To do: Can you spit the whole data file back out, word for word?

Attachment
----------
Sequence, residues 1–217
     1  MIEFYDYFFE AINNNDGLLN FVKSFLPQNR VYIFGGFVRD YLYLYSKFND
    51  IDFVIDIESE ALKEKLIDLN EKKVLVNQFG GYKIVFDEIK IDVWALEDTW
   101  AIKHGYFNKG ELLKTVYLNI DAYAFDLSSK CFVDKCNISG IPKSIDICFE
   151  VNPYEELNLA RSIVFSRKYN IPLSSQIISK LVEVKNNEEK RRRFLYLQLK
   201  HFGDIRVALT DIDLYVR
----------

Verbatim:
Sequence, residues 1–217
     1  MIEFYDYFFE AINNNDGLLN FVKSFLPQNR VYIFGGFVRD YLYLYSKFND
    51  IDFVIDIESE ALKEKLIDLN EKKVLVNQFG GYKIVFDEIK IDVWALEDTW
   101  AIKHGYFNKG ELLKTVYLNI DAYAFDLSSK CFVDKCNISG IPKSIDICFE
   151  VNPYEELNLA RSIVFSRKYN IPLSSQIISK LVEVKNNEEK RRRFLYLQLK
   201  HFGDIRVALT DIDLYVR